Too often I see the tools of evangelism brought to the task of discipleship. It does no good to use a lure to win your congregation to the church programme, to encourage engagement. Such a course produces a people who feel they must be convinced all the time, won over to the work of the kingdom. But they are already committed in becoming Christians and if they don’t understand that something is wrong. It only confuses, even robs people, to treat them as though still needing to be persuaded. A church is ill-served that is served the milk and not the meat of the gospel. Paul writes to the church in Corinth, ‘Brothers, I could not address you as spiritual, but as worldly – mere infants in Christ. I gave you milk, not solid food, for you were not ready for it. Indeed, you are still not ready for it.’ (1 Cor.3:1-2)
There is a sense of frustration here that, with the passing of time, there is still a singular lack of maturity where Paul looked for it. The writer to the Hebrews strikes the same vexed tone:
‘We have much to say…but it is hard to explain because you are slow to learn. In fact, though by this time you ought to be teachers, you need someone to teach you the elementary truths of God’s word all over again. You need milk, not solid food. Anyone who lives on milk, being still an infant, is not acquainted with the teaching about righteousness. But solid food is for the mature, who by constant use have trained themselves to distinguish good from evil.’ (Heb.5:11-14)
Paul sees the fault in a church that fails to respond and grow. Today, I wonder how many churches are in that place because leaders are evangelising the saved, and not discipling them, chiding congregations for not getting involved, when those congregations are ill-prepared for involvement because not discipled. Used to being evangelised, ‘Why should we do this?’ they ask, expecting to be continually persuaded and convinced of the worth of kingdom living before launching out on the course set before them. Such people, to use a sporting analogy, may know the rules of the game, be familiar with the ideas of evangelism, discipleship, worship, and sacrifice, but don’t know the game. They are on the field of play, but have no instinct for what they are meant to do when the whistle blows. Such instinct comes from the discipline of training, learning it, and doing it until it becomes second nature to think and act like a disciple.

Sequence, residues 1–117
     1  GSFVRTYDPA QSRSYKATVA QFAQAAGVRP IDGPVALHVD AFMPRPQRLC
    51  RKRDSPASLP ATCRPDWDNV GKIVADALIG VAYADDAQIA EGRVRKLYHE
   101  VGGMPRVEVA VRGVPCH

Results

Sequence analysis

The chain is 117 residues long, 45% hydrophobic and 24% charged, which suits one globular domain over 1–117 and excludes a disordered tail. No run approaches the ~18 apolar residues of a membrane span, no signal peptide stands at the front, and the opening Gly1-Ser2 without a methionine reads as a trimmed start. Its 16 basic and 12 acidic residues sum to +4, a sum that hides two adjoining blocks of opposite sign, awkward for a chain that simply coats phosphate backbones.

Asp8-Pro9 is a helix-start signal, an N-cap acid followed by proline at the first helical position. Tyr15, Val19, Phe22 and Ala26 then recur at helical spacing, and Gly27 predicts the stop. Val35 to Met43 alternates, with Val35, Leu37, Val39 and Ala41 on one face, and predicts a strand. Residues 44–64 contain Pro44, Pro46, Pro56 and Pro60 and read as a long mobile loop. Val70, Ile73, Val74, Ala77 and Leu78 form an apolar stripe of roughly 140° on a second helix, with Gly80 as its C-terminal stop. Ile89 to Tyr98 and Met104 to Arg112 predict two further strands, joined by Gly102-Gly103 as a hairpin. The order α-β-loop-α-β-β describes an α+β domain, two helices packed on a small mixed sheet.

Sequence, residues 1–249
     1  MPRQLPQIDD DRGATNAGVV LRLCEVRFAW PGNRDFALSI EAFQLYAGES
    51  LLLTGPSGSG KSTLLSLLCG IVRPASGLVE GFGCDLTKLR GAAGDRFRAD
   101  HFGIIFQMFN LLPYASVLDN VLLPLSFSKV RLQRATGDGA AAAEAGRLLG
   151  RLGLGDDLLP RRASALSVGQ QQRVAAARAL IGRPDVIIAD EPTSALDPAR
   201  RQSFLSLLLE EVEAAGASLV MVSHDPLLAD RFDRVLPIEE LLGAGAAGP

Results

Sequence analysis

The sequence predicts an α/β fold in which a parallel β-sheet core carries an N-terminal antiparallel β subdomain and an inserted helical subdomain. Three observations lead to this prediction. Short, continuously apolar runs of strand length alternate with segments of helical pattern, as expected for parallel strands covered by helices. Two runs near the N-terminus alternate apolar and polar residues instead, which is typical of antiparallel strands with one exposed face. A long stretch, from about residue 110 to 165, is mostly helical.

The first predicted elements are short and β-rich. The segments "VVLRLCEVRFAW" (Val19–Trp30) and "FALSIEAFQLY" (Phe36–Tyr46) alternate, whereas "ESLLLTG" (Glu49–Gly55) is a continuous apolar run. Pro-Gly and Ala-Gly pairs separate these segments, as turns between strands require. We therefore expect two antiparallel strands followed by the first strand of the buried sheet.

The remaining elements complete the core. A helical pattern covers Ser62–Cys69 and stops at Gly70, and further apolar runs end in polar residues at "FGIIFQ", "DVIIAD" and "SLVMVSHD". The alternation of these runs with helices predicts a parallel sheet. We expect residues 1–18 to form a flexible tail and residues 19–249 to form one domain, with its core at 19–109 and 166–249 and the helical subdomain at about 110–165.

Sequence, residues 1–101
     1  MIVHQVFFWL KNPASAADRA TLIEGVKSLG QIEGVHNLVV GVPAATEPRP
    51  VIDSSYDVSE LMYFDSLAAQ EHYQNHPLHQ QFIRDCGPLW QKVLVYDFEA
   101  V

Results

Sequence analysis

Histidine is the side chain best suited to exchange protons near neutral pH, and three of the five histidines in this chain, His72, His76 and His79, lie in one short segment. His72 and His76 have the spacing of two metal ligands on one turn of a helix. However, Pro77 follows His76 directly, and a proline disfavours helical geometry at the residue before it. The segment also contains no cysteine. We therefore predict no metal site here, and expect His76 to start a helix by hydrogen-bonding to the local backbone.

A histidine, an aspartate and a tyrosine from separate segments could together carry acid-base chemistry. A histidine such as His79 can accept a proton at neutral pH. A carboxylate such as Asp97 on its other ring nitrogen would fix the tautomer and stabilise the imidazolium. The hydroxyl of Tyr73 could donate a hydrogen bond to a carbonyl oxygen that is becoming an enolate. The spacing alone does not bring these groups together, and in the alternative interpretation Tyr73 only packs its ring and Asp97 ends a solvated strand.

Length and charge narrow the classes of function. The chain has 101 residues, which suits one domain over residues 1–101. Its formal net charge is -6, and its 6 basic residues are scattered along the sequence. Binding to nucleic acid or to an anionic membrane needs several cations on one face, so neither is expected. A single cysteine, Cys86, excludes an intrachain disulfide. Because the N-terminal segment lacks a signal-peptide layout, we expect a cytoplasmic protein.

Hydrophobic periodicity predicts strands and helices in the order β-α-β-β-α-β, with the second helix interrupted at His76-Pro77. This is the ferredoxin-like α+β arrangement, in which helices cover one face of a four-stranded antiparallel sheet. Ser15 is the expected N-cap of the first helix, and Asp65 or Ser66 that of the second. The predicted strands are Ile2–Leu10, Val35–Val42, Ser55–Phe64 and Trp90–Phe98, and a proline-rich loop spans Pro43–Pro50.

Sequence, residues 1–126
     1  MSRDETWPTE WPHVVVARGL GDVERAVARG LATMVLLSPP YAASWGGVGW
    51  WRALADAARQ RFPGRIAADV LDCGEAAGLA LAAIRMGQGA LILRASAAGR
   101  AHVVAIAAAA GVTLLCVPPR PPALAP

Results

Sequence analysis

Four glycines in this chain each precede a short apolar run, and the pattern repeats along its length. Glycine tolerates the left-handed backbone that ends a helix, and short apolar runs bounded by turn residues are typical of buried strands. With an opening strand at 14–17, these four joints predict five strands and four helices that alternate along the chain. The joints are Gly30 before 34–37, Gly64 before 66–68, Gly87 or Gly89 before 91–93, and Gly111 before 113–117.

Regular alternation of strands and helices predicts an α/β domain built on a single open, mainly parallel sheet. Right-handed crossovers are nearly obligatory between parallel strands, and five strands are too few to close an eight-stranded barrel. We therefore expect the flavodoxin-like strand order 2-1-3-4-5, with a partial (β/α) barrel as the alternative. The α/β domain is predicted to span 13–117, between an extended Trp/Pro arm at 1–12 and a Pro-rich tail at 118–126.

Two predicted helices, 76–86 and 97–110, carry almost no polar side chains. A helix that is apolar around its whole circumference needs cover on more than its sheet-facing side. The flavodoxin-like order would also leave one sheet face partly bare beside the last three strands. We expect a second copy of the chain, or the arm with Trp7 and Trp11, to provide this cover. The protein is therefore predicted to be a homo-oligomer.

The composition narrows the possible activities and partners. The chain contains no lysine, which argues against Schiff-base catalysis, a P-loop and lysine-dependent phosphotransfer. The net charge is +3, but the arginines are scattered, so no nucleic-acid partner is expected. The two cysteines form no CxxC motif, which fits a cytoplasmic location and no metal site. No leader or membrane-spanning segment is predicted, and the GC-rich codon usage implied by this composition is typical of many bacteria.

I spoke recently to an old friend I hadn’t seen in some time. He told me that his church was doing alright but that people ‘come and go.’ Its a common enough experience as Evangelical Christians across the city, and no doubt across the country, jump from bandwagon to bandwagon, following the crowd to the latest excitement and commotion. Of course, there will always be those spiritual gypsies who wander from place to place, whatever provision a church makes. But what of those who ‘move on’ because where they are simply isn’t meeting their need for discipleship. People have an instinct for growth, for asking ‘what happens now?’ and what are they to do when it appears to be ‘happening’ over there and not where they are?
The greatest obstacle to a church’s growth and development is not the challenges it faces, but the challenges it is protected from. Challenge people in discipleship and they will grow to be the people God intended them to be.